We pretty much started our collaboration meeting upon arrival. The meeting started with the Director of VECC, Rakesh Bhandari, welcoming us and then presenting the plans for his laboratory. I followed with the status and plans for TRIUMF. Both teams made interwoven presentations all day focused on the VECC test as we now call it. This is the 30kW electron beam test we must complete together (according to our MOU) by March 2012…a tight schedule. It will include a 300 keV electron gun, a low energy beam transport and de-buncher, and an accelerating section called the injector cryomodule or ICM. We are building two such modules together…referred to as ICM1 and ICM2…one stays at TRIUMF after the test and one is shipped to India. Then we got started with detailed presentations by Lia Merminga, Head of TRIUMF’s Accelerator Division, Bob Laxdal, Head of our SRF Department and co-Deputy Division Head , and Amiya Mitra, Head of our RF group (Amiya is originally from Bengal). The room was full (~25 people) of young Indian physicists and engineers, a good mix of men and women…lots of questions and interest from them.

VECC is planning a major new isotope facility, called ANURIB, which stands for “A National Facility for Unstable Rare Isotope Beams.” The young researchers and engineers are getting intellectually engaged in the scientific and technical design challenges of the planned project. Interestingly, we learned that VECC is expanding to a new “green field” site called Raharjat in a few years which allows them to grow their present rare isotope beam facility. There were numerous hot tea and cookie breaks through the day…to keep us awake….jet lag had set in already. The TRIUMF/VECC collaboration works well because we have similar goals but neither lab individually has the resources to do what they wish to do… so pooling our resources makes a lot of sense.

VECC presently uses its room-temperature cyclotron (they have just commissioned a superconducting cyclotron as well) to accelerate protons (or alphas) and then send them to strike a thick target that then produces various unstable nuclei. They do experiments with materials as well as nuclear physics. After the target they have a few acceleration stages that increases the beam energy up to 1.2 MeV per nucleon. Their plan is to reach 2.0 MeV per nucleon. They wish to do this by collaborating with TRIUMF on a superconducting radio frequency (SRF) technology heavy ion linear accelerator, an area of expertise of TRIUMF.

At the end of the day we went for dinner is a restaurant downtown…about 15 people. It was a pleasant evening, food was great, beer was better, and the discussion moved in and out of physics and life in India. Surprisingingisinginglyly (southern India spelling of surprising), there was only one other vegetarian besides myself. Statistically, about 40% of Indians are vegetarian. What’s with the scientists?… or maybe Bengalis? The director’s wife joined us later. She is a school teacher and she taught English and Hindi to grade 11 and 12 students…basically two official languages, although as we gathered fairly quickly, the Bengalis have their own language, use it and wish to keep it…. sound familiar? She was late grading papers from an exam earlier in the day and needed to finish and post grades. She described her students as serious students, over 80 in one class, 60 in another, and she enjoyed her job. They better be serious with that many high school kids in a class. I was exhausted after my first day, happy with the progress and happy to hit the hay that evening.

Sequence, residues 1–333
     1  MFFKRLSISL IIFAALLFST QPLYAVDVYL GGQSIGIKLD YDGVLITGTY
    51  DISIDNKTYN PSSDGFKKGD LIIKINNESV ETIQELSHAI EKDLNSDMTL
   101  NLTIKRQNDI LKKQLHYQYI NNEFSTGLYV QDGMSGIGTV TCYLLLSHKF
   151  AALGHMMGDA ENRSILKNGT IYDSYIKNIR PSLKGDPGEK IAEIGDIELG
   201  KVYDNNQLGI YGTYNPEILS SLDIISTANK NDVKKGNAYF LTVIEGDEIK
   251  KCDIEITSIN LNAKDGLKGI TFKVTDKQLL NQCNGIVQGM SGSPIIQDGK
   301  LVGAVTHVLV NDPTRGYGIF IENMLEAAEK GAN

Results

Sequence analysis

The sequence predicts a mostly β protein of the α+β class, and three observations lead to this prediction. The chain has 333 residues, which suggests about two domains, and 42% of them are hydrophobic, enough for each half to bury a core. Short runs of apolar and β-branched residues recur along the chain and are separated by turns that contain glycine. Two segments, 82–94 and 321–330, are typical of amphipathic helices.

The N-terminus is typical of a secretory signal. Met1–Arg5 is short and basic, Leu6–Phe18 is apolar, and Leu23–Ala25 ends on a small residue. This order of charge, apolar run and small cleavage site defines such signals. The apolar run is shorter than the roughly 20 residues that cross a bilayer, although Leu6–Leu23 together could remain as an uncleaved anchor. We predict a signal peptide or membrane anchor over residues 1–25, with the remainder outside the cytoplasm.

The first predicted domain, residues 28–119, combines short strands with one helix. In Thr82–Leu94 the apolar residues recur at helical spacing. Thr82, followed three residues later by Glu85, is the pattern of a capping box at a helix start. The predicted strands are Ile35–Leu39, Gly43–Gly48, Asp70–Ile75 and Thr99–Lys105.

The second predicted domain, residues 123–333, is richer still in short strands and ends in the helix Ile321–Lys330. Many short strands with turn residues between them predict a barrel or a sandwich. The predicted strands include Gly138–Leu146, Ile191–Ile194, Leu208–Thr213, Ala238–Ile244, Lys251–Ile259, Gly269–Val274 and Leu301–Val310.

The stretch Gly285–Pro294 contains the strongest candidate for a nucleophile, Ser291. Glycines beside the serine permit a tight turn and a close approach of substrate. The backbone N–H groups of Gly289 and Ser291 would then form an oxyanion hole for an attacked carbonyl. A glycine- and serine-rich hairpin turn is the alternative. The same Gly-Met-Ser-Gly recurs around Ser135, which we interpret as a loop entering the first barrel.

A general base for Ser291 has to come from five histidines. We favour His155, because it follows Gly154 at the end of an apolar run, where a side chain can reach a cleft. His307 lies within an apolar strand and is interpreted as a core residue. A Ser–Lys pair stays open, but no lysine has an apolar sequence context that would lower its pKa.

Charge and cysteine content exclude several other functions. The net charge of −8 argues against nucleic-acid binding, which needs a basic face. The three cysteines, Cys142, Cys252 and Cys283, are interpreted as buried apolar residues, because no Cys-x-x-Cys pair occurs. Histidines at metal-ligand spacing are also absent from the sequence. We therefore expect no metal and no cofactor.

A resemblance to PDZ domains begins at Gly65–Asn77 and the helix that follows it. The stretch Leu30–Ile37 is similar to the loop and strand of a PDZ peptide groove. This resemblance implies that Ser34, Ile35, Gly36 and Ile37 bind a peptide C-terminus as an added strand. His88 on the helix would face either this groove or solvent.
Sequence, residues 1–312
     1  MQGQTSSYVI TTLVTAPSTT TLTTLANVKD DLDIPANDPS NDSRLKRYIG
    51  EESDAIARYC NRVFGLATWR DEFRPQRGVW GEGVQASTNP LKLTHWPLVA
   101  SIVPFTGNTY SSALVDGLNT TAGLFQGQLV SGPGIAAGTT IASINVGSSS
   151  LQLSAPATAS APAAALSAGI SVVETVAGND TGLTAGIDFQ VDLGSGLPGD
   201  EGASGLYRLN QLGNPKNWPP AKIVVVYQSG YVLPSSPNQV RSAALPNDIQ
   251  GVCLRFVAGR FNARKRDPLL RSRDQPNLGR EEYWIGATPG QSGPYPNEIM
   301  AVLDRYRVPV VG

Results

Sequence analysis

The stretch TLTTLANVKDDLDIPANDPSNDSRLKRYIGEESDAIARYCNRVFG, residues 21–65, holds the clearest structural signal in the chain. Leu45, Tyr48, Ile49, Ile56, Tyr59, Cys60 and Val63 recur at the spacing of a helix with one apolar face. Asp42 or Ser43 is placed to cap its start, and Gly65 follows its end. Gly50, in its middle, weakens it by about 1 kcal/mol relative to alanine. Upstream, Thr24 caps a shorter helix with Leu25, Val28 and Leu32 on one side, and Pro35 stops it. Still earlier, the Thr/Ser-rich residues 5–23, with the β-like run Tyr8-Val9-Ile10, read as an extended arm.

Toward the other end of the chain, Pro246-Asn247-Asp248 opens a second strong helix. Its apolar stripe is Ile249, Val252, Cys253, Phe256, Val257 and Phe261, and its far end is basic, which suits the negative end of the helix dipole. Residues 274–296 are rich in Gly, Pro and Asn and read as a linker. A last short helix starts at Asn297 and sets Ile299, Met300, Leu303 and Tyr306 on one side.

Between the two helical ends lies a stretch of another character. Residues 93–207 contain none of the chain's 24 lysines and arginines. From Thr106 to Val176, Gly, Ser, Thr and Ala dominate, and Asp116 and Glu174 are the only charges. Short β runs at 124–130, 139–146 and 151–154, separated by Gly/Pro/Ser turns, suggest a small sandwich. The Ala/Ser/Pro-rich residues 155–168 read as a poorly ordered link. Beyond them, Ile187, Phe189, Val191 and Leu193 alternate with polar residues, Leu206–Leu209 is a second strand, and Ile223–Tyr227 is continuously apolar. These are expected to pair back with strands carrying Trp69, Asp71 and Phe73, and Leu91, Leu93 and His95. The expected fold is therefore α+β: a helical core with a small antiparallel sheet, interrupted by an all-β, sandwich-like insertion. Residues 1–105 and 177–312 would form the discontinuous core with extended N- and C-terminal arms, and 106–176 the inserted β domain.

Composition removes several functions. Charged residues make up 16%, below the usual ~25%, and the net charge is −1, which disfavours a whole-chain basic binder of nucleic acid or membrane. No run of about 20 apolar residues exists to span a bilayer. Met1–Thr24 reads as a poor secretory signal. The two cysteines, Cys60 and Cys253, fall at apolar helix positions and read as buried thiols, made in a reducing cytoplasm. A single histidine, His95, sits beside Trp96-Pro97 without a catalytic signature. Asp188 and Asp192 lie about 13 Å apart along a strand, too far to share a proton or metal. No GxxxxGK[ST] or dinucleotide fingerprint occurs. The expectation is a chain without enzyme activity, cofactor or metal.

Day 3:  Feeling good…. more like a person after a good night’s sleep. Walked around the site with Bob Laxdal to make sure we understood each other on various priorities for the VECC test. The site is about 12 acres in size surrounded by either a fence or brick walls. VECC is in a residential area, with houses across the street, cars honking and people walking or cycling by all the time. Bob is the lead scientist for the test and is responsible for the schedule.

The day started off in the Director’s meeting room where we discussed further our plans for collaboration. It is the Year of India in Canada and we discussed having some kind of collaboration event later in the year in Canada. That would be nice. Our MOU requires us to meet once per year in each location and review progress. This is a way of making sure each side delivers what it agreed to do. In general, we are a little behind schedule and so we spent time discussing how to catch up before one of the “major milestones” March 2012, when we planned a joint beam test at TRIUMF which we refer to as the VECC test.

We then went to the conference room and the final presentations were made. In the late afternoon we drove out to the new 25 acre green field site near the airport with chief civil engineer and saw the first evidence of power being brought onto the site. Occupancy is still a few years away. Bob headed off to the airport and the rest of us went to dinner downtown. We discussed the VECC plan to add the first accelerating cryomodule (ACM1) after the ICM only after moving to the green field site. This means the tests at VECC will be limited to about 25 MeV….they seem happy with that.